The Role of Obesity and Type 2 Diabetes Mellitus in the Development of Male Obesity-associated Secondary Hypogonadism

S. A. Saboor Aftab; S. Kumar; T. M. Barber


Clin Endocrinol. 2013;78(3):330-337. 

In This Article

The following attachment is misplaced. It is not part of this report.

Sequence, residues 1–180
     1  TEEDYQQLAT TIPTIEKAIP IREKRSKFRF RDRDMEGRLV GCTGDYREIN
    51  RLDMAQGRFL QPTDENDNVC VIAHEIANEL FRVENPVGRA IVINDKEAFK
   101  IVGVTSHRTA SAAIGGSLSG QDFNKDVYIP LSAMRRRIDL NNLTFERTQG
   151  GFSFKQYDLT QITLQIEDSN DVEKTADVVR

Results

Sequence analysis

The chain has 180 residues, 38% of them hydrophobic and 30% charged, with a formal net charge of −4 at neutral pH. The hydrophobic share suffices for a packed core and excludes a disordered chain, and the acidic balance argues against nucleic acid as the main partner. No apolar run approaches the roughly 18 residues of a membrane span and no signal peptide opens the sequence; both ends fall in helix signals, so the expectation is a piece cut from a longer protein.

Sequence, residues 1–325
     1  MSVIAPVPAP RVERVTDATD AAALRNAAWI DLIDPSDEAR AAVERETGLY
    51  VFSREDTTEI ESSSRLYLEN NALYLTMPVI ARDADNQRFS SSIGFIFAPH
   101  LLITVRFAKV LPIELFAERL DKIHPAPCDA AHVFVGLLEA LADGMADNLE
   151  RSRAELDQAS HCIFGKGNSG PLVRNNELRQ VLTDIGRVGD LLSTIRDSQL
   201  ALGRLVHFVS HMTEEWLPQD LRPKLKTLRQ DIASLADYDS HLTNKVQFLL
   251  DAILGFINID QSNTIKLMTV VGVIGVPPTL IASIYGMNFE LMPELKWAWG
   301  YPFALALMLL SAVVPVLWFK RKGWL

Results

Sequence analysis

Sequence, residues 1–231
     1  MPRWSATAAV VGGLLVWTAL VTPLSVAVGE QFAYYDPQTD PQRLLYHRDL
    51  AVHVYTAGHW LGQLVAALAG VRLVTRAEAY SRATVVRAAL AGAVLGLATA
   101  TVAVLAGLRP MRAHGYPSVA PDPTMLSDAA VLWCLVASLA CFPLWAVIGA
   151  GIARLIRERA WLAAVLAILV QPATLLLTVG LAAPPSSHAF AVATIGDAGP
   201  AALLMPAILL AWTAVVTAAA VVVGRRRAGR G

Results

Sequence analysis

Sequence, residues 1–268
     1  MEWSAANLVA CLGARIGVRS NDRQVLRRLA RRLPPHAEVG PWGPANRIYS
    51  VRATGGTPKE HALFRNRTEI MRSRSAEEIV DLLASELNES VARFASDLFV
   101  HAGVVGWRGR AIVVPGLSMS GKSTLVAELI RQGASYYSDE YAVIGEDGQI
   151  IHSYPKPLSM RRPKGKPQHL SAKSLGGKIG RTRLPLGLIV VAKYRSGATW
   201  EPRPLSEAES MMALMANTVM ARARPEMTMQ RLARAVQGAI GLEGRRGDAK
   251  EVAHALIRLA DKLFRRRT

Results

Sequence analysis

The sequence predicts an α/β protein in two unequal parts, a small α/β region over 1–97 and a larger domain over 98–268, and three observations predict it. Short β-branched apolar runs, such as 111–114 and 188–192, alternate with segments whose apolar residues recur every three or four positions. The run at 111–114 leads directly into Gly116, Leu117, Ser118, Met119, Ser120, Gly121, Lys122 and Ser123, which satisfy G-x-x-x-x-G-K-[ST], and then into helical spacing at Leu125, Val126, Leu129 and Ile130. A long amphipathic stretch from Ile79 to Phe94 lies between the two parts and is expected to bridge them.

To conclude, MOSH should be viewed as a distinct subtype of male SH in obese men. The pathogenesis of MOSH is complex and is likely to implicate both obesity-related and, in the cases of T2DM and OSA, nonobesity-related factors. It is clear that there are close associations between sleep, metabolism, glycaemia, obesity and HPT function in men and that these associations may include causal pathways which manifest bidirectionality. Future studies should focus on gaining a clearer understanding of these interlinked pathways. This in turn would inform the development of novel therapeutic strategies for the future management of MOSH. Ultimately, such important research would be expected to improve the long-term sexual, metabolic, bone, CV and mental health of men who develop MOSH, and as such would be clinically well justified.